Carrol Daily Times Herald from Carroll, Iowa on August 7, 1957 · Page 6
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August 7, 1957

Carrol Daily Times Herald from Carroll, Iowa · Page 6

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Carroll, Iowa
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Wednesday, August 7, 1957
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Page 6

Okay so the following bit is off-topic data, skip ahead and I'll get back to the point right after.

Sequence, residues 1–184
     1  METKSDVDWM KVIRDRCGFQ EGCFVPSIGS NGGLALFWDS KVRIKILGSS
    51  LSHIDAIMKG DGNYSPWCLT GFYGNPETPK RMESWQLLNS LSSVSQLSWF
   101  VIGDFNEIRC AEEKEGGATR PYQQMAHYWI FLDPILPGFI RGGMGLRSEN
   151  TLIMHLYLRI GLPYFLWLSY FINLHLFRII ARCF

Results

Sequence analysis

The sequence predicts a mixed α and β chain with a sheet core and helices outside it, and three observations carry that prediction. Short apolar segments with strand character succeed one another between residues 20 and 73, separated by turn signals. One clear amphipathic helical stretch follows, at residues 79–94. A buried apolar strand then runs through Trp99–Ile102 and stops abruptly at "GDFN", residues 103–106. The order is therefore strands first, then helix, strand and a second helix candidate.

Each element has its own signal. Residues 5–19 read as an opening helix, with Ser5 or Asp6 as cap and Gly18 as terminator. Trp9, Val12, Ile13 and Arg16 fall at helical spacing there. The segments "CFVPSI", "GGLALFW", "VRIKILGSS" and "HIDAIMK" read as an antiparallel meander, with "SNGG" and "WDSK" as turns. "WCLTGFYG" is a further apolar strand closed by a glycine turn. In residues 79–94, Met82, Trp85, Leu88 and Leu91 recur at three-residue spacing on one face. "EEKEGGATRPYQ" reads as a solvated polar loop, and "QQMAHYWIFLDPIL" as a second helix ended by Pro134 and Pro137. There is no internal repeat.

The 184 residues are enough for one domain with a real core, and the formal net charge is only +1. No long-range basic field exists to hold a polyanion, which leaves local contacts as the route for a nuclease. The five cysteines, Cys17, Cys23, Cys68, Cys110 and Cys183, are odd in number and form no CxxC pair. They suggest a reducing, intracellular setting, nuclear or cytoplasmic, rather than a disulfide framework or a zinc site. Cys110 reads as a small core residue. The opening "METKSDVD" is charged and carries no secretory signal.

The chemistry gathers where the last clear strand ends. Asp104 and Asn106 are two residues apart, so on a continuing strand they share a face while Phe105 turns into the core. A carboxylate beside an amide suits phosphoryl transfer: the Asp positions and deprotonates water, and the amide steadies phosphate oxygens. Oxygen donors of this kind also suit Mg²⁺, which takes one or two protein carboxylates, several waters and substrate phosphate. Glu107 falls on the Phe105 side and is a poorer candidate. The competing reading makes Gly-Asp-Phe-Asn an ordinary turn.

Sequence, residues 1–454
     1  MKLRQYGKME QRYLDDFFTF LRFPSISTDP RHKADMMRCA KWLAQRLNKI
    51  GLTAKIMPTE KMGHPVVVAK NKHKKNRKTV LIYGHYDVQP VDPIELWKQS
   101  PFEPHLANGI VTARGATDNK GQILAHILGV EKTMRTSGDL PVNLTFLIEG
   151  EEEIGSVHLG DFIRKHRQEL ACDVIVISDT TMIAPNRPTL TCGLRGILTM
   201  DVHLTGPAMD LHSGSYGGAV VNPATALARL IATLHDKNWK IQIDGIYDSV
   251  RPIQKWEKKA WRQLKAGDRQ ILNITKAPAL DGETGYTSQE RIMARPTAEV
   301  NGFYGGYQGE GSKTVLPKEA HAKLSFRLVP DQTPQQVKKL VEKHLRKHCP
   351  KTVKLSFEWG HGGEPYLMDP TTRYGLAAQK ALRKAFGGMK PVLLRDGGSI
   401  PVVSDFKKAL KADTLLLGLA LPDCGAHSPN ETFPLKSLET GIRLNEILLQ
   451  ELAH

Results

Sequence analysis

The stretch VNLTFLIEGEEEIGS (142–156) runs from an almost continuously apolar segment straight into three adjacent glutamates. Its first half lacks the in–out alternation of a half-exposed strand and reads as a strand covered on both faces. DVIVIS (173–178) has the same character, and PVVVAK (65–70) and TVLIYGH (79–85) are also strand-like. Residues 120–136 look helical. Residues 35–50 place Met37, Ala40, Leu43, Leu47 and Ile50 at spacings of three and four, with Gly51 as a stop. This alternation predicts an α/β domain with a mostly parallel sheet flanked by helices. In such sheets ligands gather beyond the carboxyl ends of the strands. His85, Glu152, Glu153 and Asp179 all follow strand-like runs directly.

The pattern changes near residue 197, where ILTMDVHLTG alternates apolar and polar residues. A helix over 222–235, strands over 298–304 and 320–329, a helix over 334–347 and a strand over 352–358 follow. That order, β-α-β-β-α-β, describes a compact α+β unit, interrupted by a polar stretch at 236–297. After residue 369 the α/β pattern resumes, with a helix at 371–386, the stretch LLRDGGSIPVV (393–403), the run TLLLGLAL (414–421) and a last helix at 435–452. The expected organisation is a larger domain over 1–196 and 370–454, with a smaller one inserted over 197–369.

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Iowa's Hoegh inherits Public Apathy— Best Civil Defense Underground, Says Peterson/ Retiring Chief 6 By.DOUGLAS LARSEN ] NEA Staff Correspondent ' WASHINGTON - (NEAl - The! secret of a successful, realistic j dvU defense for the U. S. lies bur- i ied beneath the surface of the j earth. ., I This is the conviction of Val Peterson, the energetic, able Feder -j al Civil Defensp. Administrator j who has left to become new U.S.; Ambassador to Denmark. He refers to the need for undergound shelters. \ His successor in the job, which; the average citizen probably rates as the most hopeless position in the federal government, is Leo A. Hoegh, former Republican Governor of Iowa. A recent University of Michigan study has just revealed that only 20 per cent of the ptople would respond to a real air raid alarm, the rest not knowing, what it was about, or not believing it, for example. In spite of, overwhelming public apathy to civil defense, Peterson has ended four and a half years in the job amazingly cheerful and optimistic about the future of CD. Long Range Goals His recefit speeches to public groups and stole officials show this feeling. He also reveals the long-range CD gosls which emerged during his tenure and which the agency has now set for the U.S. "As long as there Is a need for a big military organization there is obviously a need for civil defense, so you start from there," he declares. "The next assumption is that the U.S. and a potential enemy are headed for a relative balance in the ability to' exchange initial death-dealing hlows to each other. When this happens the country ercise, Operation Alert, resulted in an estimated casualty toll of SO million U. S. oitueos froth nuclear bombs. Greatest Responsibility Peterson says of this threat to the U. S.: Time* Herald, Carroll, Iowa Wednesday, Aug, 1, 1957 not think it will he that high. Local Codes "You could start by making local building codes call for bomb "Saving civilians from death and shelters in new apartments and injury in a nuclear weapon attack 0 (fj ce buildings,' he said: "Stud- is obviously our greatest responsi -j j es - s how this cost is not too high, bility. And no matter how you i Then you could build dual-purpose analyze this problem you come to; the inevitable conclusion that U.S. citizens need some shelter protection. They hav*> to be ( protected from blast effects as well as from radioactive fall-out. And this is why Peterson has concluded that civil defense, to be effective, must go underground. This matter is now undergoing intensive study by the White House and the National Security Council i with the best civil defense, which ] It will be one of Hocgh's first big | is able to save the most lives and restore order most quickly, is likely to win the war." The recent nationwide FCDA ex- underground shelters. They could be used for all sorts of storage. They could be put, beneath public buildings, churches, schools and used as garages. "Sweden and Norway'are already putting their new industries ( inderground, in mountains and nils. This involves slightly higher initial costs. But it, ends up cheaper through savings on heat and other things." -* • problems. ! Peterson has Yaid that the dis- It has been" said that a shelter j tributfori of mountain's all over program would cost 40 billion dol- the U. S. makes the placement of lars. Peterson has said - he ; doe? 1 new industries underground a practical matter He has admitted and water system equipment. The that It's not practical to move stockpile of these items is now present plants • underground worth 219 million dollars. Other sites. cuts will have to be- made in One of FCDA.s most important'FCDA.^ urograms accomplishments, Peterson says, is creating the machinery for quick mobilization of all federal, state and local government agencies in connection with disasters. "Today every state has a disaster plan," he reports. Guard to take Over In private meetings with governors Peterson said repeatedly that state national guards will eventually probably take over major civil defense activities in an emergency. "In fact, civil defense will probably become the guard's prime responsibility," he told one governor. He added that civilian control of CD during peacetime must be maintained. Hoegh is inheriting a slashed budget of 40 million dollars for the coming year. Peterson originally requested 130 'million. Last year FCDA got 94 million dollars This cut meant, a halt to the stockpiling of medical supplies r.r ... > " i ii u * A u H t I* a VAL PETERSON: about CD's future. An optimist LEO A HOEGH: An inheritance of public apathy. Pays $2.80 for Slapping Critic Of Qyeen's Talk LONDON A doughty 64- year-old today paid $2.80 for slapping the f^ce of the peer who criticized Queen Elizabeth II. Philip Kinghorn Burbidge, an ex-soldier and merchant seaman, pleaded guilty in Bow Street Criminal Court to bopping 33-year-old Lord Altrincham. He was fined one pound—$2.80. Altrincham sent eyebrows and tempers rising last week with an article panning the public speaking, interest and advisers of Queen Elizabeth II. Other'peers muttered dire threats but Burbidge was the first to take physical action in defense of his sovereign. Insulting Behavior Burbidge was accused specific- all of insulting behavior. In fining him, the chief London magistrate, Sir Laurence Dunne, said: "Your action only made a most unsavory episode more squalid. In a case like this, it is the weight ,of public opinion lhat counts, and not making a brawl of it." Burbidge, who said he earned 7 pounds i$19.fi0) as a representative of the ultra-nationalist League of Empire Loyalists, told the judge: . "Such actions are foreign to my nature. Due to the scurrilous attack by Lord Altrincham, I felt it was up to decent Britons to show some sentiment. "What. I feared most was the overseas repercussion and the republication in the American newspapers " Albert Dietzes To Spend Their Vacation on Coast (Time* Her»H New« SITVI**) MANNING - Mr. and Mrs. Albert Dietz, accompanied by Mrs. Dietz' brother and sister-in-law, Mr. and Mrs. Bill Paysen, of Wallj' After the one-punch.battle Tues Lake, will leave Aug. 12 for a va-iday night outside a broadcasting cation with California relatives, j station, Burbidge had told report- O. E. Pratt spent the forepart I ers of the week on business in South! Dakota. Mr. and Mrs. Dean Stribe and family and Mr. and Mrs. Charles Fielweber and'family spent Sunday in Ames in the John Pratt home. "I did what Prince Philip wanted to do but couldn't." Just before getting slapped, Altrincham had made a TV appearance in which he defended his criticism of the Queen Decision oil Highway to Be Reviewed AMES 1*1 — Council Bluffs offl. clals had . renewed v hope Wednesday that the Iowa Highway Commission might change its mind abotit the extreme western location of Interstate U. "8. 6 and give priority to a route from Neola through their city A Council Bluffs delegation appeared before the commission Tuesday and obtained a promise that the commission will reconsider a decision made more than a year ago to route the superhighway west from Neola through Loveland. Members of the delegation said after the meeting that they felt better about the matter. Two weeks ago a group clashed before the commission with a delegation from Sioux City who supported the Loveland sector, which provides a connection between interstate routes f> and 75. While the commission agreed to review its decision it gave no indication when a further ruling will be made. Conflicting Claims Both sides had made conflicting claims on which area would best be served in relation to traffic volume, costs and like matters. The commission declined to give the four member* of the Council Bluffs delegation statistics it had compiled on comparative costs and traffic volume. It said Ihe statistics ,had been forwarded to the U S. Bureau ol Public Roads in Washington and it could not release the figures until the bureau reviews them with Congress. The Council Bluffs men told the Loveland route would violate the intent of Congress that federal money for the interstate program should be used to provide direct connections between majoi centers of population. They presented a prepared statement saying that traffic flowing He told the viewers he was through Council n-uffs "constitutes very sorry indeed if I hurt the the largest concentration of vehic- Glynis and Gail Pratt of Ames I feelings of the royal family" and ular traffic m loy/a_ ' said he was really shooting at the! They also contended that the courtiers who advise the Queen! Loveland stretch does not follow are spending two weeks with their grandparents, Mr. and Mrs. Hugo Wilhelm, and Mr and Mrs. O.E. Pratt. and write her speeches. FRIGIDAIRE LEADS Value - Economy Service Compare FRIGIDAIRE with any other refrigerator. Dollar for dollar, feature for feature it's your best buy. Super line model pictured here. (T '^ftOl C ; 8 cu. ft. size. Every basic foodT|XTr**' keeping feature. Only txch. Carroll Refrigeration Service West on the Highway Next to Charley's Place s : . Furniture Company The Whole Town Is Talking About How Prices BROADLOOM CARPET are SLASHED to the AUGUST SALE at.... MATT'S In Carroll on Lovely Rich BONE for the congressional intent because they claimed it would not provide Ihe most direct rout" from the Council Bluffs-Omaha arfa to Des Moines and points east. Larsen's Comments Near the close of the discussion Commission Chairman Chris Larsen of Sioux Citv commented: "I don't think the decision of the previous commission was bad. We made our decision over a year ago. Now you want to reconsider and undo that. "We did what we thought was best for the state as a whole. You ask a review of the entire programming. We want to get the program under way while money .is available because costs are increasing. * "You men think I have a selfish position but I am only upholding the decision already made." Frederick Day acted as principal spokesman for the Council Bluffs delegation. Other members were Lewis Rons, John Duncan and Vern Allphin. Day recalled that a delegation from Sioux City charged at the previous meeting that Council Bluffs was acting in the matter as a puppet for Omaha. He said Council Bluffs acts in its own right but that Council Bluffs and Omaha have a common traffic problem. Gulistofi 12-ft. Beige Wool and Viscose Broad loom at a Sale Price Here'* i dense, full bodied carpet, that Rives you everything you demand In a fine carpet at a surprising low price. And you save up to $75.00 In carpeting a 'living room, Wool and viscose carpet at the price of rayon carpet In most stores. An amazing value. 795 Gulistan Wool and Viscose Carpet in Green Here's long wear, rich color, extraordinary beauty, and thick deep pile carpet at a wonderful sale price. Loomed of choice extra heavy wools, blended with viscose to give colorfastness, and extra beauty. Surprising savings for your living room. Sals., ,— 2 Rolls 2-ft, Viscolon Broadloom Here's a closeout buy in a long wearing miracle blend carpet. A scientific blending of rugged man-made fibers at wonderful low price. Looks and feels like deep thick Axminstar carpeting, yet takes unbelievably hard wear, holds its brilliant,' colors. Thick textured pile with every loop twisted and locked In for extra durability. Cholde of green tweed or beige tweed. Bigelow Heavy Wilton Loop Pile Carpet Here's the ultimate in beauty, luxury and. wear. The aristocrat of famous maker broadloom carpet. Luxuriant plush pile is 3-ply wool of wonderftil thickness, cushions every footfall in pure luxury. Exceptionally long wearing, withstands heavy traffic. Tweedy design Intensifies the beauty and assures lasting loveliness. Regular $14.98 sq. yd. Sals. ; . August Sole Leader! 100% Wilton Twist Carpet Reduced! Here's a wonderful family^ carpet, extremely long wearing, ad the fresh colorful design hides footprints, scuff marks, and minimises soli. Loomed of. the world's ilnest extra heavy wools, and only Jhe finest dyes, are used to produce ithls carpet, A long wearing WUton carpet woven ln i a tweed effect. One of James Lees finest carpets. 12 or 1R ft. widths, reg. I13.9S sq. yd. Salt, ,— No Money Down - Up to 36 Months to Pay! MANY MORE FINE CARPET BARGAINS FROM AMERICA'S MOST FAMOUS MILLS oimpany aifos&giircv&ii 'ir: jarfi: Eugene Ringlebs Move to Dedham Frorn Cdrrollton (Time* Herald N«w« 8ervle«> DEDHAM - Mr. and Mrs. Eugene Ringleb and family of Carrollton have moved into the Mrs. Rose Pietig apartment here. Mr. Ringleb plans to open a garage here soon. Sunday evening dinner guests in the home of Mr. and Mrs. Harry Christensen were Mr. and Mrs. Henry Rudolph and Donna Fae, Exira; Mr. and Mrs. Iver Sloth and LeRoy, Vlpla; Mr, and Mrs, Fred GolwiUer and family, Manning; Mr. andMrs. Eugene Ring­ leb arid family and Mr. and Mrs. Aldred Tigges.and children. Tommy Melsheid, son of Mr. and Mrs. Henry Meisheid, accompanied his brother antl sister-in-law, Mr, and Mrs. Ervin Meisheid and baby, to'the- Black Hills where they spent four days vacationing. . Mr. and Mrs. Russell Axman spent Friday night and Saturday fishing at Spirit Lake. , ,Mrs. Alice Heman, returned home from a week's visit in Independence with her son, Ralph, who was ill, She also visited relatives in Waterloo and Cedar Rapids while away. Ralph !s able to be back at work again. Mr. and Mrs. Otto Hartl Sr. and family and Mr, and Mrs. Korbl Thalhammer and children held a family picnic Sunday at S wan Lake for Otto Hartl Jr-, who will be concluding his month's furlough in his home here. He will go, to Germany soon to served in tha armed forces. MOVING Local and Nation Wide lHr»«« — Cratini — Packing Ph. Day 2S4U -Ph. NI^M 261? Carroll, Iowa